China Considering Evidence That Male Circumcision Could Reduce Risk of HIV Infection, Unlikely To Launch Campaign, Health Official Says
China is considering evidence that routine male circumcision could reduce a man's risk of HIV infection but likely will not implement such a campaign nationwide, Ru Xiaomei, deputy director general of China's National Population and Family Planning Commission, said on Friday, Reuters U.K. reports (Blanchard, Reuters U.K., 1/19). Data from two studies conducted in Kenya and Uganda released last month by NIH indicate that routine male circumcision could reduce a man's HIV infection risk through heterosexual sex by about 50%. According to researchers, male circumcision eliminates the cells most vulnerable to HIV. In addition, a circumcised penis develops thicker skin that is resistant to HIV infection. The results of the Uganda and Kenya studies were similar to the results of a study conducted in South Africa in 2005 (Kaiser Daily HIV/AIDS Report, 12/14/06).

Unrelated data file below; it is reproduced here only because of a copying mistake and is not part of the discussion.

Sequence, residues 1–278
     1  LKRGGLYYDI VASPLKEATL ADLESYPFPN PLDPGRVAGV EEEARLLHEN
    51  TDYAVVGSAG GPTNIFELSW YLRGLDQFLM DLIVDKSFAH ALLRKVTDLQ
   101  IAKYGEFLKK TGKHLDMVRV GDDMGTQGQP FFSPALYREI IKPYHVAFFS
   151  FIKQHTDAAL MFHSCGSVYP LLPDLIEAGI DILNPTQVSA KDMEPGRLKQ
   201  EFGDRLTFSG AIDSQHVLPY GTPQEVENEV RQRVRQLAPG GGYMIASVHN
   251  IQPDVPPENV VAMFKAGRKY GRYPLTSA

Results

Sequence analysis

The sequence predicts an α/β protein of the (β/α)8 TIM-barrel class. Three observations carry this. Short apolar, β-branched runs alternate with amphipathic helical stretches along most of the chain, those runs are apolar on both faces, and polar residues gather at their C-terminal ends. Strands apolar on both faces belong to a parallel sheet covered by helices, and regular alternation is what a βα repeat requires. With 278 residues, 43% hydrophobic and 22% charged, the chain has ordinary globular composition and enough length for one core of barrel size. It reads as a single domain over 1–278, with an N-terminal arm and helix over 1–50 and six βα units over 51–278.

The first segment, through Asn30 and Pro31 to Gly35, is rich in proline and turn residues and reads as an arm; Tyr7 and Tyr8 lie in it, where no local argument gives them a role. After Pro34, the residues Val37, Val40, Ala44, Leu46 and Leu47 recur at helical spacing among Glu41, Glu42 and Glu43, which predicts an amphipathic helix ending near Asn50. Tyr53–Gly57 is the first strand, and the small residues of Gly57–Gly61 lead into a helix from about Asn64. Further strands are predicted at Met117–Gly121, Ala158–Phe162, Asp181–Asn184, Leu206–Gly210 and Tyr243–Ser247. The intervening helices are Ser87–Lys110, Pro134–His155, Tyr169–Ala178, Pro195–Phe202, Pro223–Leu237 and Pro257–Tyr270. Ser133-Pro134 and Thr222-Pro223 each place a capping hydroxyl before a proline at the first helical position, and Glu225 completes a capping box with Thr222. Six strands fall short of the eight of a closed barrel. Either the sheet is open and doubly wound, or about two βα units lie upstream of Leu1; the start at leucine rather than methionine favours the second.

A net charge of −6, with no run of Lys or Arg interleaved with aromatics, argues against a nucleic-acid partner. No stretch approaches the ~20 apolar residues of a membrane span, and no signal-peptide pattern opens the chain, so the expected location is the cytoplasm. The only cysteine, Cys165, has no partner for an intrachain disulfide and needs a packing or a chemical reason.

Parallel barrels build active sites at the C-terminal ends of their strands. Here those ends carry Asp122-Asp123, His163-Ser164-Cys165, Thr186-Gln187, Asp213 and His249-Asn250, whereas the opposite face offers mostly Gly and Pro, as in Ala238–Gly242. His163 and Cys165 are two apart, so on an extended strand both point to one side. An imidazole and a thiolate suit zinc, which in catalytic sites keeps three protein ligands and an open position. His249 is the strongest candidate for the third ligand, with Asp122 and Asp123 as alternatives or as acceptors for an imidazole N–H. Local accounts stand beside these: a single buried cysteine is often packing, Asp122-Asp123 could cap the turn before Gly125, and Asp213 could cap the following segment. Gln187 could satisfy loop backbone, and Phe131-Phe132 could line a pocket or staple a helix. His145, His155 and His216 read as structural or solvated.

According to Ru, Chinese officials have seen the results of the studies conducted in Africa, but the "AIDS situation in China has not yet reached such a large scale (as in Africa)." She added, "I'm not yet totally certain about the evidence for circumcision. We should exercise caution." According to Reuters U.K., the number of circumcisions performed in China is low compared with some Asian countries, including South Korea, Japan and Indonesia. In addition, a wide-scale male circumcision campaign might encounter resistance from China's non-Muslim majority, according to Ru. She added that the cost of such a campaign might present an issue because of China's 1.3 billion population. "It would be a big deal," she said, adding, "It's much more reasonable to get people to use condoms" (Reuters U.K., 1/19).